Student Loan Default Rates Recover
A year ago, when the rate at which borrowers defaulted on their student loans rose for only the second time since a unified campaign began in 1992 to bring the rate down, some observers speculated that the uptick portended a trend that could be exacerbated by mounting student debt and rising interest rates on many student loans.
They appear to have been wrong.
The U.S. Education Department announced Monday that 4.6 percent of borrowers who began repaying their loans between October 1, 2004, and September 30, 2005 had defaulted on those loans by September 2006, down from 5.1 percent the previous year.
Department officials attributed the decline in part to the large numbers of students who consolidated multiple student loans into one, taking advantage of a last-ditch opportunity to lock in their interest rates (often lowering their monthly payments and extending repayment) before July 1, 2005, when interest rates on consolidated loans rose.
The decrease was credited to another exceptional factor as well: the repayment relief that the federal government granted to college students and their families who were affected by Hurricanes Katrina and Rita in fall 2005. The Education Department gave affected borrowers six months of forbearance on their student loans, and deferments to those who qualified for economic hardship and job loss.
Over all, default rates peaked at 22.4 percent in 1992, and have fallen sharply and relatively consistently since then.
The 2005 rates fell from 2004 in every category of institution but two -- for-profit colleges and private colleges that provided less than two years of education, both of which stayed flat. Over all, as seen in the more-detailed table below, default rates for borrowers from public institutions fell to 4.3 percent from 4.7 percent; for for public institutions rose to 4.7 percent from 4.3 percent (two-year public colleges saw their rate fall to 7.9 percent from 8.1 percent from 7.6 percent, and four-year colleges to 3.0 percent from 3.5 percent), and the rate for private four-year colleges dipped to 2.3 percent from 2.8 percent. The default rate for borrowers from for-profit colleges dropped to 8.2 percent in 2005 from 8.6 percent in 2004.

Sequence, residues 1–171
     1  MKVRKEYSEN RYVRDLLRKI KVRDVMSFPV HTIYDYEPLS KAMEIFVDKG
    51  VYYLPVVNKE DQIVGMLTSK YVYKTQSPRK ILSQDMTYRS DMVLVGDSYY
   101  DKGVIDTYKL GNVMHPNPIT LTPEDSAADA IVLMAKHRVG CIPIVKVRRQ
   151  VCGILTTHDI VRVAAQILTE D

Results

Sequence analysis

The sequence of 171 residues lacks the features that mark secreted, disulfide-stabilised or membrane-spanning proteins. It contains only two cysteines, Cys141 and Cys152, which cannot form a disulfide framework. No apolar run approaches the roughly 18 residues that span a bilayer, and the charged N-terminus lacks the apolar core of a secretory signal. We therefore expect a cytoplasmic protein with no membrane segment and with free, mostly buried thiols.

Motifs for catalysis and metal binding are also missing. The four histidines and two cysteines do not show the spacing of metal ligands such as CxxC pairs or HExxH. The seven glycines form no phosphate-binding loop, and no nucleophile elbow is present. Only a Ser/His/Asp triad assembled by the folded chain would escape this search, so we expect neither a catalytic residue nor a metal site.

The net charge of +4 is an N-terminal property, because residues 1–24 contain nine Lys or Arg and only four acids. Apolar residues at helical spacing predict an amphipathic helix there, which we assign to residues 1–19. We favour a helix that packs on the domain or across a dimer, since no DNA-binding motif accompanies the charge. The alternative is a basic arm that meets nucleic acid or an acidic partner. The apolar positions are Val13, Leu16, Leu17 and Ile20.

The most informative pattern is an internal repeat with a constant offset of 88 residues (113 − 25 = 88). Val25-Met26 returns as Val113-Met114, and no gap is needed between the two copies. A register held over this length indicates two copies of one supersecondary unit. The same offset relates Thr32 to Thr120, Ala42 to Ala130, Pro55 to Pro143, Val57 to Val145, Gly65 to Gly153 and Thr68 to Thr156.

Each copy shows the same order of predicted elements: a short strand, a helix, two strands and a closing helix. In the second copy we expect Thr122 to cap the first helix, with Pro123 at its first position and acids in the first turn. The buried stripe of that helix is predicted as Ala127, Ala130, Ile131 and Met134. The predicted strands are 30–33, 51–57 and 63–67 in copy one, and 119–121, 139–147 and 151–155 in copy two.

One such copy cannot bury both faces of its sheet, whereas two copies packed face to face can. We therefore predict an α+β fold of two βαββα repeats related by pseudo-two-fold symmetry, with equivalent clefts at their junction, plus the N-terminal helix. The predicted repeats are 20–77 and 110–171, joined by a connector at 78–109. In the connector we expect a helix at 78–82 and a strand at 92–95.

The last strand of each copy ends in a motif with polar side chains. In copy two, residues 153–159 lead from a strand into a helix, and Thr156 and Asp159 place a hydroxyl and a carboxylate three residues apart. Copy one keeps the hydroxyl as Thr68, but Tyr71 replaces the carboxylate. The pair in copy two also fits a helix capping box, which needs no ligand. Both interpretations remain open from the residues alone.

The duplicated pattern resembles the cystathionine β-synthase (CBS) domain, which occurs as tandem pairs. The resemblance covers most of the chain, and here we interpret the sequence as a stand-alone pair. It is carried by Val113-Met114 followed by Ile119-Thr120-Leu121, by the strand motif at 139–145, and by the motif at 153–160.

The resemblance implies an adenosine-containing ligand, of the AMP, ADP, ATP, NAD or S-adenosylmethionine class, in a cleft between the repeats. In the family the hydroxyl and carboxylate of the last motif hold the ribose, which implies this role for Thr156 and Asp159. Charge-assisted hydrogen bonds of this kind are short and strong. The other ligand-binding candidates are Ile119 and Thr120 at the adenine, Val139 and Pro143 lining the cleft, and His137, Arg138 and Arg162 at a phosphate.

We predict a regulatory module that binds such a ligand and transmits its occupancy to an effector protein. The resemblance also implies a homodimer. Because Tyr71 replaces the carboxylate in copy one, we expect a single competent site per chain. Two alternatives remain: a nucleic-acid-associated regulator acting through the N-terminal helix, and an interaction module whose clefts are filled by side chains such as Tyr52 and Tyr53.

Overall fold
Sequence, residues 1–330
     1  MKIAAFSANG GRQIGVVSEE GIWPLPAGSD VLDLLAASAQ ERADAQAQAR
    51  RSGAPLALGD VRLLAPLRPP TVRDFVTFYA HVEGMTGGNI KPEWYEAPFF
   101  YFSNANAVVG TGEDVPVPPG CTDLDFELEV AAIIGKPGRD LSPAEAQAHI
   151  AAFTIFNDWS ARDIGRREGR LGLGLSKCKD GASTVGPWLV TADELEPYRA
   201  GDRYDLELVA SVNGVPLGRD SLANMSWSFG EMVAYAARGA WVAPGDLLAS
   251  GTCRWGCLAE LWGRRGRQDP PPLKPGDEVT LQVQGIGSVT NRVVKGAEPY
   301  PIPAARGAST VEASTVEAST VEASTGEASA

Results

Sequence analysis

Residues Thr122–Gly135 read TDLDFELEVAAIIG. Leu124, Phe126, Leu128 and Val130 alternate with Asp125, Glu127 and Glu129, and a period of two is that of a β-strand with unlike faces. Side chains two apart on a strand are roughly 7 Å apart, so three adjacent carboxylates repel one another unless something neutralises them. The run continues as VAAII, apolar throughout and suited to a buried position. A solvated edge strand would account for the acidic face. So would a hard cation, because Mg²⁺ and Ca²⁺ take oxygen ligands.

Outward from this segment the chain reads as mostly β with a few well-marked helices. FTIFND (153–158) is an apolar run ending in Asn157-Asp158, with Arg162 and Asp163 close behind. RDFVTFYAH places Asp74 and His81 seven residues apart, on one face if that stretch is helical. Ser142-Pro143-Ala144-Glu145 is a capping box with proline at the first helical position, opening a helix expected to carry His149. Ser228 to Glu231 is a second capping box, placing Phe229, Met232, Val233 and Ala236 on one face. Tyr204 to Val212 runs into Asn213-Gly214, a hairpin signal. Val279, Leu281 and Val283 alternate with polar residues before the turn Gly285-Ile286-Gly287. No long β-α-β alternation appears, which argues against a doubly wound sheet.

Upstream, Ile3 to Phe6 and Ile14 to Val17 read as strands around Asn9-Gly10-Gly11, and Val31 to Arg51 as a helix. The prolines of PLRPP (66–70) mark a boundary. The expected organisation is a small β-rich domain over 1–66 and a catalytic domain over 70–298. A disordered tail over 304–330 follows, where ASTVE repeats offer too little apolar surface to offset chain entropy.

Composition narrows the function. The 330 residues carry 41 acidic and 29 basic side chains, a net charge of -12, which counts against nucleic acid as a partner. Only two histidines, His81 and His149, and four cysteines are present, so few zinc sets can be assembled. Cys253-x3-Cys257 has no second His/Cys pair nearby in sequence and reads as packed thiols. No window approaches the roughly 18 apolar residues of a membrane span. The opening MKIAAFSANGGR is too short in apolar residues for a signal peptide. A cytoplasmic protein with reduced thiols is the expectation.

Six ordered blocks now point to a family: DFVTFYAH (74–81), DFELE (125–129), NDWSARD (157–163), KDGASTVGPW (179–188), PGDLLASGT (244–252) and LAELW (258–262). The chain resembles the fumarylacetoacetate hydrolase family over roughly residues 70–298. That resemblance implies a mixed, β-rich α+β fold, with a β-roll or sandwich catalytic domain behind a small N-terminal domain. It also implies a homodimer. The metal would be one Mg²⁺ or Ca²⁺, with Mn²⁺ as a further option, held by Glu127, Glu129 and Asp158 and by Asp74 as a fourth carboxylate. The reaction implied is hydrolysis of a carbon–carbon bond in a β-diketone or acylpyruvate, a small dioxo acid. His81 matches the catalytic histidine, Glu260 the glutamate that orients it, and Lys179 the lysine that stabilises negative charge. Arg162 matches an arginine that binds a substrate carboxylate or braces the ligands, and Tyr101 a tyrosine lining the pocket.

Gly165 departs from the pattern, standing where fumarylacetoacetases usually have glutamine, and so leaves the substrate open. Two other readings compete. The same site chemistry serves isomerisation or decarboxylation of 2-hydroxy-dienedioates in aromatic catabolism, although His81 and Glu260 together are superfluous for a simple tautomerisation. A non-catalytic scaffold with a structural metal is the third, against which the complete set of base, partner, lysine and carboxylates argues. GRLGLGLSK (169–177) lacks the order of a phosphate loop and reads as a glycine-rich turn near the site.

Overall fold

Cohort Default Rates from 2003 to 2005, by Type of Institution
|Institution Type||Default Rate||No. of Borrowers Entered Repayment||Default Rate||No. of Borrowers Entered Repayment||Default Rate||No. of Borrowers Entered Repayment|
|Less than 2-year||5.8%||6,182||5.7%||6,808||5.2%||7,567|
|Less than 2-year||7.9%||3,326||9.0%||3,881||9.0%||4,434|
|Less than 2-year||7.9%||117,166||8.9%||130,810||8.9%||141,953|
Source: U.S. Education Department
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